A number of key values are associated with Matariki celebrations. Of the 12 Matariki values six are located within the well-known biblical text ‘fruits of the spirit’6  which according to the author Paul, are evident of a life walking in step with God. The gift of Matariki is the invitation to come together regardless of cultural, religious, and ethnic backgrounds. This is part of our Christian DNA with the distinction of being called together ‘in Christ’ who both models and affirms ways of living and behaviour (values). 

A growing number of people are taking an interest in the night skies. The Christian community need not be apprehensive about star gazing. The inclusion of the Southern Cross in liturgy is no more sacred than the Matariki star constellation simply because it is in the form of a cross (a form of violent execution). One Bible Concordance reveals a total of 87 references to the words star, stars and starry. When biblical reflection engages with the narrative of Matariki a variety of creative responses emerge that ultimately point to the star creator. 

The Christian community is invited to listen deeply to both a Christian Māori perspective on Matariki and Scripture, not to re-colonise it, rather to inform a richer re-telling of Matariki and God’s activity within it.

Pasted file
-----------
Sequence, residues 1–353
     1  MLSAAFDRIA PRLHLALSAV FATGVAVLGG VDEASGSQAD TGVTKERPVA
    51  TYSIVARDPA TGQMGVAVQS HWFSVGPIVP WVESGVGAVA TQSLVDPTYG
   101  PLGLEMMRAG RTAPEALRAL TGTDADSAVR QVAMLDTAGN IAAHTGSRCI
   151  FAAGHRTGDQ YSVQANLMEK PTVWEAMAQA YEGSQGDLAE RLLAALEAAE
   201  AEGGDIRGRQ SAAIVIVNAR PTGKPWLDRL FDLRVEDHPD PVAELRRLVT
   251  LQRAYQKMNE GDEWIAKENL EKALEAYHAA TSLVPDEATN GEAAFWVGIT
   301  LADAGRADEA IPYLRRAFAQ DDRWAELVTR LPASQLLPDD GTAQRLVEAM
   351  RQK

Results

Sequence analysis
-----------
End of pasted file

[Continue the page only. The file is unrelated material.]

An excellent resource is the Eco-Church A Rocha Aotearoa NZ website which has a number of Christian resources (including those of the PCANZ). There are liturgies, sermons, videos, family and children's activities, educational resources and more. Ka Rawe!

-    Rev Brendon McRae, minister Flagstaff Community Church, Ōtepoti, Dunedin

Artwork on page 1 of pdf version of Matariki message: “Matariki” by Grace Ockwell (2022). A Wall hanging gifted to Flagstaff Community Church for Matariki celebration. Grace is a member of the Flagstaff Community Choir associated with the church.
[1] Job 38:31.
[2] Genesis 1:14.
[3] Matariki, “Te Papa research reveals how New Zealanders mark Matariki.” June 22, 2023. (Accessed 5 September, 2023).…;
[4] One News, “Matariki celebrations launched under Takapō stars.” May 11, 2023. (Accessed 5 September, 2023).…
[5] Rangi Matamua, Matariki: The Star of the Year (Wellington: Huia, 2017). 89.
[6] Galatians 5:22-23.